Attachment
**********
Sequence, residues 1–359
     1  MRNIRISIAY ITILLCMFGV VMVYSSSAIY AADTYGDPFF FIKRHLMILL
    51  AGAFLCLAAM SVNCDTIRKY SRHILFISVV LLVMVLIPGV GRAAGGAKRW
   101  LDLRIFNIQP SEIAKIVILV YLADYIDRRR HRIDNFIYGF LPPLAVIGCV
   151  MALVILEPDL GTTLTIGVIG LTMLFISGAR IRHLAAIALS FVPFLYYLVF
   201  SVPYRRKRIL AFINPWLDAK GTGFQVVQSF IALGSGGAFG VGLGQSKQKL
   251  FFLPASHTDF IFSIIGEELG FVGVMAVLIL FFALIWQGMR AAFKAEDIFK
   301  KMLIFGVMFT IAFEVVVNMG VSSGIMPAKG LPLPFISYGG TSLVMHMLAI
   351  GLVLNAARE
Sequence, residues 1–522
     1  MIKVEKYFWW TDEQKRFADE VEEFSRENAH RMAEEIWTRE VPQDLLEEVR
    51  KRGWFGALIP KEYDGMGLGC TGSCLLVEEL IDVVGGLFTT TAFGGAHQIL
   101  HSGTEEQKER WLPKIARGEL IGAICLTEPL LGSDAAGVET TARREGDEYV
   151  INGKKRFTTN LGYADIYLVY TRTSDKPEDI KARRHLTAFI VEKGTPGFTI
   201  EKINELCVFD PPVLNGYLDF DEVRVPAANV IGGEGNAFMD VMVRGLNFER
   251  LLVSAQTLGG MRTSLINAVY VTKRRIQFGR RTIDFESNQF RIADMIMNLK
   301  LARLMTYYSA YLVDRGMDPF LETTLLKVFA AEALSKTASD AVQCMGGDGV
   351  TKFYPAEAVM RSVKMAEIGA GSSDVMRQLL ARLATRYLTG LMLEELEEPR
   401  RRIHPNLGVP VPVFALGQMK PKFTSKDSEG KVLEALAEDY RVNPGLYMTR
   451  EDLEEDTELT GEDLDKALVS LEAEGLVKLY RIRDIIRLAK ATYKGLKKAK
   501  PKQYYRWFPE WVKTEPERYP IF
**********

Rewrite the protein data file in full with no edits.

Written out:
Sequence, residues 1–359
     1  MRNIRISIAY ITILLCMFGV VMVYSSSAIY AADTYGDPFF FIKRHLMILL
    51  AGAFLCLAAM SVNCDTIRKY SRHILFISVV LLVMVLIPGV GRAAGGAKRW
   101  LDLRIFNIQP SEIAKIVILV YLADYIDRRR HRIDNFIYGF LPPLAVIGCV
   151  MALVILEPDL GTTLTIGVIG LTMLFISGAR IRHLAAIALS FVPFLYYLVF
   201  SVPYRRKRIL AFINPWLDAK GTGFQVVQSF IALGSGGAFG VGLGQSKQKL
   251  FFLPASHTDF IFSIIGEELG FVGVMAVLIL FFALIWQGMR AAFKAEDIFK
   301  KMLIFGVMFT IAFEVVVNMG VSSGIMPAKG LPLPFISYGG TSLVMHMLAI
   351  GLVLNAARE
Sequence, residues 1–522
     1  MIKVEKYFWW TDEQKRFADE VEEFSRENAH RMAEEIWTRE VPQDLLEEVR
    51  KRGWFGALIP KEYDGMGLGC TGSCLLVEEL IDVVGGLFTT TAFGGAHQIL
   101  HSGTEEQKER WLPKIARGEL IGAICLTEPL LGSDAAGVET TARREGDEYV
   151  INGKKRFTTN LGYADIYLVY TRTSDKPEDI KARRHLTAFI VEKGTPGFTI
   201  EKINELCVFD PPVLNGYLDF DEVRVPAANV IGGEGNAFMD VMVRGLNFER
   251  LLVSAQTLGG MRTSLINAVY VTKRRIQFGR RTIDFESNQF RIADMIMNLK
   301  LARLMTYYSA YLVDRGMDPF LETTLLKVFA AEALSKTASD AVQCMGGDGV
   351  TKFYPAEAVM RSVKMAEIGA GSSDVMRQLL ARLATRYLTG LMLEELEEPR
   401  RRIHPNLGVP VPVFALGQMK PKFTSKDSEG KVLEALAEDY RVNPGLYMTR
   451  EDLEEDTELT GEDLDKALVS LEAEGLVKLY RIRDIIRLAK ATYKGLKKAK
   501  PKQYYRWFPE WVKTEPERYP IF